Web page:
Widen the horizons of what you consider to be “appropriate” for lunch

Its okay to give your child leftovers from last nights dinner for lunch, especially if they loved it.  It also okay to give breakfasty food, an assortment of different healthy snacks from all of the food groups, or a few different dips and dippers.  The more you keep things interesting and laid back, the more they will eat and the less stressed you will be!

Next week check out 15 creative and fun school lunch ideas, but in the meantime, look at all the great stuff that The Container Store has for school lunches!

Easy tips for stocking a healthy freezer

You may have noticed that your grocery store has cleared out the “Seasonal Aisle” of barbecue condiments and grilling tools to make room for lunch boxes and thermoses.  Yes, the summer is ending, which can only mean for parents and students alike that the school year is beginning.  This means more activities, more running around, and less time to cook and eat delicious and healthy food.  While you could wait until mid-September to realize that you just don’t have time to make anything for weeknight dinners other than frozen meals, you could also get organized and take action now.  If you spend just a few days doing some serious cooking now, you could have your weeknight meals set for the next month or even more.  Read of for some seriously helpful tips on what to do and how to do it.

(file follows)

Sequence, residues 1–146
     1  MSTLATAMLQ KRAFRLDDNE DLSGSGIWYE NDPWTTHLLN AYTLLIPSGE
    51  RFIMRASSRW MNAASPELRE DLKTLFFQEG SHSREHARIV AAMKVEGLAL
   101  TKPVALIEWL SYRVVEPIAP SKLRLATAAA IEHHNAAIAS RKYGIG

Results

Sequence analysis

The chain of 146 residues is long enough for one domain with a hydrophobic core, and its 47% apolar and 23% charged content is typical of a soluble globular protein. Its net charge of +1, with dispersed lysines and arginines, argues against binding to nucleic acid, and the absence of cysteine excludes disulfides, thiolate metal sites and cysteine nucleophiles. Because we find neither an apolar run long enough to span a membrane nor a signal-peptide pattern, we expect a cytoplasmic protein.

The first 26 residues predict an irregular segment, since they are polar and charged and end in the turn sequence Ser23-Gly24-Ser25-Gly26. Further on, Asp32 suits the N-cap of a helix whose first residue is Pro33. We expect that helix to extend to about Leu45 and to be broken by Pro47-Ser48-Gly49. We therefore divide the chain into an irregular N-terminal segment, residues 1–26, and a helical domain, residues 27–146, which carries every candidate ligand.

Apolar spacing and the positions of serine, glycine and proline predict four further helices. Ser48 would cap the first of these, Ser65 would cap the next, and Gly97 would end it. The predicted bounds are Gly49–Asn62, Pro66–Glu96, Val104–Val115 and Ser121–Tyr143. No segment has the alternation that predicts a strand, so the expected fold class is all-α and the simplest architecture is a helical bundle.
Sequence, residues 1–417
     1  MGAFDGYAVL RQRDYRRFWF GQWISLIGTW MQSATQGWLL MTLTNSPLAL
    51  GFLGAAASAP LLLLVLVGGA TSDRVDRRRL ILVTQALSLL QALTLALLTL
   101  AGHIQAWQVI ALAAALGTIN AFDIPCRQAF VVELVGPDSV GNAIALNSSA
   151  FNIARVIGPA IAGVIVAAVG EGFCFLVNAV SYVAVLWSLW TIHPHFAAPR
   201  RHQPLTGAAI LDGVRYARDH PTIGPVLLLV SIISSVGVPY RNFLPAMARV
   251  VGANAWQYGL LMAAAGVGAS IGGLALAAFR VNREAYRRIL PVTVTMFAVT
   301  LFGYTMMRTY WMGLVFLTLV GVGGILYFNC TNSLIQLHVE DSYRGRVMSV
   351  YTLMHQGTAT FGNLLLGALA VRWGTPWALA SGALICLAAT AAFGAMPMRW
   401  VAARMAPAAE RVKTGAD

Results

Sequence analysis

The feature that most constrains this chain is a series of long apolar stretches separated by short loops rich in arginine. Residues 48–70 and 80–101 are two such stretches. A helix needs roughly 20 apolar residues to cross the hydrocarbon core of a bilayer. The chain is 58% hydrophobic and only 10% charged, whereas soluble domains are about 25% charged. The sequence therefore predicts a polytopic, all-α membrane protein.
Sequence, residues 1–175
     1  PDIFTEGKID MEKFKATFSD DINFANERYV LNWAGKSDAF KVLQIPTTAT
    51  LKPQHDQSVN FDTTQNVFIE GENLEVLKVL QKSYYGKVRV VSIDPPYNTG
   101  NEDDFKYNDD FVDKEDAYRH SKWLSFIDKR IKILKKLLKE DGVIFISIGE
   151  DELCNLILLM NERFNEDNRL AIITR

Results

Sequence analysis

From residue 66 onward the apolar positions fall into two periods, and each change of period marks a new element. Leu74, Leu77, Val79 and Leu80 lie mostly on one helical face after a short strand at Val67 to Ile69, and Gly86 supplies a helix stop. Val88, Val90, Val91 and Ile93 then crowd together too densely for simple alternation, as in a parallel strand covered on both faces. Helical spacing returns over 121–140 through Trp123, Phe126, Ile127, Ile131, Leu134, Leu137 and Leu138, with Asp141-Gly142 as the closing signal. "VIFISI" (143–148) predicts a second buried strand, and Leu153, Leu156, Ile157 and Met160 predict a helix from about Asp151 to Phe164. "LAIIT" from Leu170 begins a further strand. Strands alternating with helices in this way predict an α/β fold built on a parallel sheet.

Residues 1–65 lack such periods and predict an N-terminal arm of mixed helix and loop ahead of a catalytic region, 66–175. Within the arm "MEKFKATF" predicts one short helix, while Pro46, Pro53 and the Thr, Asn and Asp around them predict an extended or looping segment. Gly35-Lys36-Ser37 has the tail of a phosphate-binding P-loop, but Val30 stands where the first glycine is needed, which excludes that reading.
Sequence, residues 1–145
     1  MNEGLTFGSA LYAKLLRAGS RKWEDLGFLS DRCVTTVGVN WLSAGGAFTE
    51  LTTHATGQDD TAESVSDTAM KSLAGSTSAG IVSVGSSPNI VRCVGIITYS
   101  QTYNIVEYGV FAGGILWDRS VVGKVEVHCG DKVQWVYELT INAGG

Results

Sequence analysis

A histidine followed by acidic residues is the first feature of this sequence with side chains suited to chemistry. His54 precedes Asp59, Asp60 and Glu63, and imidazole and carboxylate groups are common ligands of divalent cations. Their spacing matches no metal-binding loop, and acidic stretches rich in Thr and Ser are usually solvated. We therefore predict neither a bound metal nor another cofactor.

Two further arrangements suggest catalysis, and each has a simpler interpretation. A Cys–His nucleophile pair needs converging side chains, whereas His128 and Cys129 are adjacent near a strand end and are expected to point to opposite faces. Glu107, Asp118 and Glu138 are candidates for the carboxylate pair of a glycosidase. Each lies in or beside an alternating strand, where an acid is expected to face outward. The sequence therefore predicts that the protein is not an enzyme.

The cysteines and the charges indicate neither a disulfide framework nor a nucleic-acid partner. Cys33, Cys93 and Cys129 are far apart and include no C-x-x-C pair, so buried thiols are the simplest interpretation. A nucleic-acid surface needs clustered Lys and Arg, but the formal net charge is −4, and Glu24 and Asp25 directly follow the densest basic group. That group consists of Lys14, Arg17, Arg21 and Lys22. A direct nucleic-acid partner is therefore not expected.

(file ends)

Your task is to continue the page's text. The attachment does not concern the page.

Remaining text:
1.  Make 1 dish meals that only need one accompaniment, such as a salad or brown rice.  Think tomato sauce with ground turkey and roasted veggies- all you need to do is defrost and add some pasta!

2.  If they’re not in sauces, grains, potatoes, pasta and vegetables don’t freeze well.  So don’t try it, or make them in a sauce!

3.  Never freeze twice.  Foods can only be frozen once in their raw state and once in their cooked state.

4.  For casseroles that get baked in the oven (like baked ziti or enchiladas), save the baking step ’till after you defrost- the food will taste fresher AND you will be able to freeze any leftovers (see tip 3).

5.  To save room in your freezer, freeze anything you can in large ziploc freezer bags.  Label the bags with the date and dish and stack them flat.

6.  Make a plan!  Figure out which recipes you want to make, what your shopping list is, which things take the longest, (do those first!) and which cooking vessels and tools you will need.

7.  Check out this incredibly helpful FDA website on food safety in the freezer and fridge.